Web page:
Average weekly earnings up 0.2 per cent in April: StatsCan

Year-over-year earnings rise 2.2 per cent
|payroll-reporter.com|Last Updated: 06/27/2013

Average weekly earnings of non-farm payroll employees rose 0.2 per cent from March to $910 in April, according to Statistics Canada. On a year-over-year basis, earnings increased 2.2 per cent.

The increase in earnings during the 12 months to April reflected a number of factors, including wage growth, changes in composition of employment by industry, occupation and level of job experience, as well as average hours worked per week.

In April, employees worked an average of 32.9 hours per week, unchanged from both the month and year before.

Year-over-year growth in average weekly earnings outpaced the national average in six of the largest industrial sectors, led by professional, scientific and technical services as well as public administration.

In professional, scientific and technical services, average weekly earnings rose 3.7 per cent to $1,291. This was led by growth in legal services; computer systems design and related services; and architectural, engineering and related services.

Compared with 12 months earlier, weekly earnings also rose by 3.7 per cent to $1,163 in public administration, mainly a result of growth in local, municipal and regional public administration.

Average weekly earnings in educational services increased three per cent to $1,010 in the 12 months to April, with notable growth in universities and community colleges and CEGEPs (vocational college).

Weekly earnings in health care and social assistance increased 2.9 per cent to $834, with the largest increases in social assistance and in hospitals.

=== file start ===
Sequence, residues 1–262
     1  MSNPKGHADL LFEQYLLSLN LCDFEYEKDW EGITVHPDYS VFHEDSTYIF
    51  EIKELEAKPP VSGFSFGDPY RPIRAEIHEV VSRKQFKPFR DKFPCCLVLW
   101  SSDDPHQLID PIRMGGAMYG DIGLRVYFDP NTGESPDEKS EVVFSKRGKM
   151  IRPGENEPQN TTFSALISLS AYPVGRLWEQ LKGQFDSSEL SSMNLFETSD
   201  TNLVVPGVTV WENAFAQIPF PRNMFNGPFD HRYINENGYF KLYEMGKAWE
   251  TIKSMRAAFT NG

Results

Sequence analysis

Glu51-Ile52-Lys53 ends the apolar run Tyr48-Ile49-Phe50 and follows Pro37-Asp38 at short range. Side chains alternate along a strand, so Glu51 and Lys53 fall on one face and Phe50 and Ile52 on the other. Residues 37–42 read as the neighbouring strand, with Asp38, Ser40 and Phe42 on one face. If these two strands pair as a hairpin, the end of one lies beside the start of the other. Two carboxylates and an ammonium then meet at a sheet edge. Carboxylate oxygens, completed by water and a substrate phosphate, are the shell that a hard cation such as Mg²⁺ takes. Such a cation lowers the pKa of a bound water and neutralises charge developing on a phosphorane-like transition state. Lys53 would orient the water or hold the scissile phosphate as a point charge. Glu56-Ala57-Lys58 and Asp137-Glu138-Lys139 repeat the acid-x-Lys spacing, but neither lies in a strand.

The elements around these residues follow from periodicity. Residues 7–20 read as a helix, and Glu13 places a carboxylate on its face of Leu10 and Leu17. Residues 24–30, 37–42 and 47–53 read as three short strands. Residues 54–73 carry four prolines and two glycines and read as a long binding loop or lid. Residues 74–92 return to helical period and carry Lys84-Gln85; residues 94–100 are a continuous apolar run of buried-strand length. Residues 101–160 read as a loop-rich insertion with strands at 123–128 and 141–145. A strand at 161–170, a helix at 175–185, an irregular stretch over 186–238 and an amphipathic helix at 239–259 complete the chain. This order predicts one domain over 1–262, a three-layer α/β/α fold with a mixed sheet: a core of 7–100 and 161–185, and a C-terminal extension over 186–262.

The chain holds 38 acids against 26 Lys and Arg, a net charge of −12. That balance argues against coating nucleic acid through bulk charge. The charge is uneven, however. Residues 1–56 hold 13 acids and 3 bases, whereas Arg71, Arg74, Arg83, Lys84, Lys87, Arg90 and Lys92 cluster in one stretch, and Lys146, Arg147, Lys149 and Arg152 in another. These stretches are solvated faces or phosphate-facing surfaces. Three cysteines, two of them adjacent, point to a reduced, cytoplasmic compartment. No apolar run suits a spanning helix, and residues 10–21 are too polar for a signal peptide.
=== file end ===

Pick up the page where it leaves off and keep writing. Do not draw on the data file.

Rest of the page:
In the 12 months to April, average earnings in construction rose 2.8 per cent to $1,172, driven mostly by gains within heavy and civil engineering construction.

Compared with April 2012, weekly earnings in administrative and support services went up by 2.6 per cent to $751, almost all a result of earnings gains within employment services.

Weekly earnings in retail trade edged down 0.6 per cent to $524 in the 12 months to April, with the losses spread across a number of retail industries. Earnings in retail trade have been hovering around this level for a year, as small gains in hourly earnings have been offset by declines in average weekly hours.

Saskatchewan, P.E.I. lead wage growth

Year-over-year earnings growth of non-farm payroll employees was above the national average in six provinces, with the highest growth in Saskatchewan and Prince Edward Island. New Brunswick had the lowest earnings growth over this period.

Average weekly earnings in Saskatchewan increased by 4.4 per cent to $944 in the 12 months to April. Growth was widespread across a number of industries.

In Prince Edward Island, year-over-year earnings growth was 4.1 per cent, bringing average earnings to $758 in April. There was notable growth in professional, scientific and technical services; educational services; retail trade; and public administration.

Compared with April 2012, average weekly earnings in Alberta rose 3.4 per cent to $1,098, with growth across most sectors.

Over the same period, earnings in New Brunswick edged up 0.4 per cent to $808. Year-over-year growth in this province has been at or below the national average since September 2012.

Non-farm payroll employment by sector

Total non-farm payroll employment edged up by 5,500 in April after increasing by 29,800 in March.

In April, the number of payroll employees increased in accommodation and food services; educational services; and health care and social assistance. At the same time, there were fewer jobs in construction; arts, entertainment and recreation; retail and wholesale trade; and public administration.

On a year-over-year basis, the number of non-farm payroll employees rose by 194,900 or 1.3 per cent.

Among all sectors, real estate and rental and leasing posted the highest 12-month growth rate in payroll employment at 5.6 per cent. This was followed by construction, which grew at 4.8 per cent, as well as accommodation and food services, which increased by 3.2 per cent. Over the same period, there were also declines, primarily in information and cultural industries, which experience a 3.2 per cent decline, and public administration, which decreased by 1.1 per cent.

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